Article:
Software and services stocks: capital compounders for a slow growth era
In today's environment of fair-to-expensive equity valuations and constrained economic growth expectations, stocks with the potential to generate steady—if sometimes modest—revenue growth and attractive free cash flow yields hold unique appeal.
These strengths can be found among a number of providers of enterprise software and related information technology services—firms that address the needs of corporate clients looking to reduce costs and improve efficiency by outsourcing services such as customer relationship management or customer billing. While our approach to securities selection is primarily bottom up, select stocks within this industry possess attributes that we believe can generate sustainable value, such as high and improving free cash flow margins and high returns on capital. In other words, these companies can grow and compound capital over time.
Software and services: a means to achieve earnings per share growth
In an environment where global GDP growth may be lower over the next five years than it was during the last decade, companies will be looking for ways to grow earnings per share. Select software and services providers enable their corporate clients to create potentially significant savings compared with the operational costs that these clients would incur from providing the same services in house.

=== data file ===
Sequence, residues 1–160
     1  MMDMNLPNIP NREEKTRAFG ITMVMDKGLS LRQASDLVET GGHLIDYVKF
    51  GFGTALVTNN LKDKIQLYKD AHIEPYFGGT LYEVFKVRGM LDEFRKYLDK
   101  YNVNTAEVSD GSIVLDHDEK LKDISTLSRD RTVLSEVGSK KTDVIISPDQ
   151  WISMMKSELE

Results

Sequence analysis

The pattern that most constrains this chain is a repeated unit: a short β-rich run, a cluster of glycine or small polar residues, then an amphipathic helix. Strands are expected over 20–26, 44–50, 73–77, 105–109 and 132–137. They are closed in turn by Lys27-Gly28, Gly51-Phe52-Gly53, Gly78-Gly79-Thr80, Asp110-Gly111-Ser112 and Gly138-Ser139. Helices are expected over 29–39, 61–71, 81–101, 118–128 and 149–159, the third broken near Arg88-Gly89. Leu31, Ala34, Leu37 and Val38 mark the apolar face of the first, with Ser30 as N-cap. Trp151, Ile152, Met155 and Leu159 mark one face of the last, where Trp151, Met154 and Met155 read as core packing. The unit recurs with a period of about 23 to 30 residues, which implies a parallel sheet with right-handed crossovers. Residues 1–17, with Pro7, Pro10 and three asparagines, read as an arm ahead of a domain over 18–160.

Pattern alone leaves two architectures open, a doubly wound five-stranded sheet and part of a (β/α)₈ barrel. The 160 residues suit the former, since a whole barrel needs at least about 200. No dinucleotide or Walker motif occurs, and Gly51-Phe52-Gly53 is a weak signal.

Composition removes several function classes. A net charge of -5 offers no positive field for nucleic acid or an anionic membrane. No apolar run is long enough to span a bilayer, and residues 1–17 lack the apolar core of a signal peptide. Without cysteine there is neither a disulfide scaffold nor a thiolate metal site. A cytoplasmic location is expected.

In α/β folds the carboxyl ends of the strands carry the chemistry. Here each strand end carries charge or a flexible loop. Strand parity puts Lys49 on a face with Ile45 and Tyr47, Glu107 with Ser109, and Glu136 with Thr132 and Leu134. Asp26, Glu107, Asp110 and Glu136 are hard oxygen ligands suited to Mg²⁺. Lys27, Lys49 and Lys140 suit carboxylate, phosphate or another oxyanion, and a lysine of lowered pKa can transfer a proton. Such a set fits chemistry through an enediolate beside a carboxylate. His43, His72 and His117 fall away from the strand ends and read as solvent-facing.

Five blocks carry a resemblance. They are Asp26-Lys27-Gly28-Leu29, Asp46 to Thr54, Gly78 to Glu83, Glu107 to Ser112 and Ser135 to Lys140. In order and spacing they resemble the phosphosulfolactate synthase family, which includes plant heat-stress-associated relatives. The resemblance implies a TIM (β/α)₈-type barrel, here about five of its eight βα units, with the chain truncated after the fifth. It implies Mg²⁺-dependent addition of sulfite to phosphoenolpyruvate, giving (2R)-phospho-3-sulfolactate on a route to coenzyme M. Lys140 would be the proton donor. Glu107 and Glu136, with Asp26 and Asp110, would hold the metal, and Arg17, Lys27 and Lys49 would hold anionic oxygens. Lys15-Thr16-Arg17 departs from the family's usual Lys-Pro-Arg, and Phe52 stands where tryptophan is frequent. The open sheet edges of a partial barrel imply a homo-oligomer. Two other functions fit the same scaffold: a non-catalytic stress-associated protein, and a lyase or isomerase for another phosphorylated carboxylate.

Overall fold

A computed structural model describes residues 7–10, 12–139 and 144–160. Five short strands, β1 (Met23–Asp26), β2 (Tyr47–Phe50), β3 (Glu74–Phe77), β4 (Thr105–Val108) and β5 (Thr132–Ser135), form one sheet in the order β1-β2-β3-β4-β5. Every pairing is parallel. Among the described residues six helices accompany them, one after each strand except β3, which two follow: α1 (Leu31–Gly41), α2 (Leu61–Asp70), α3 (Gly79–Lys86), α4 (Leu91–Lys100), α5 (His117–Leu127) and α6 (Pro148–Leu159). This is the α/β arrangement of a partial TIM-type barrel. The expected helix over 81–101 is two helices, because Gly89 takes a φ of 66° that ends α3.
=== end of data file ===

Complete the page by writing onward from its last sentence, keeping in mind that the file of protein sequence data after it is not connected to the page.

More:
This math is appealing for many chief financial officers and chief executive officers whose compensation is tied to their companies' earnings per share growth, which can be enhanced by cost savings as opposed to revenue growth derived from sales. In an environment of slow economic growth, earnings per share gains are often more potentially achievable than increases in revenue. Software and services providers that help to measurably eliminate costs are seen as offering the potential to help client firms achieve their earnings per share growth targets.
Durable sources of revenue
The long-term nature of these software and services firms' contracts with corporate clients enhances their appeal in today's slow growth environment. Often, a contract may run 5 to 10 years, with the potential for extensions should the business relationship prove to be mutually beneficial for both parties. These contracts can produce stable and relatively predictable revenue, enabling software and services companies to generate strong free cash flow and enhance shareholder value through dividend payments and share repurchases.
While we continue to find many stocks globally that we like from an investment standpoint, we view the software and services industry as particularly attractive because of its strong organic revenue growth and the bottom-up opportunities that this industry growth presents. These companies exemplify our belief that stocks possessing strong free cash flow yields and robust free cash flow growth can generate attractive risk-adjusted returns over the long term, even in the current environment.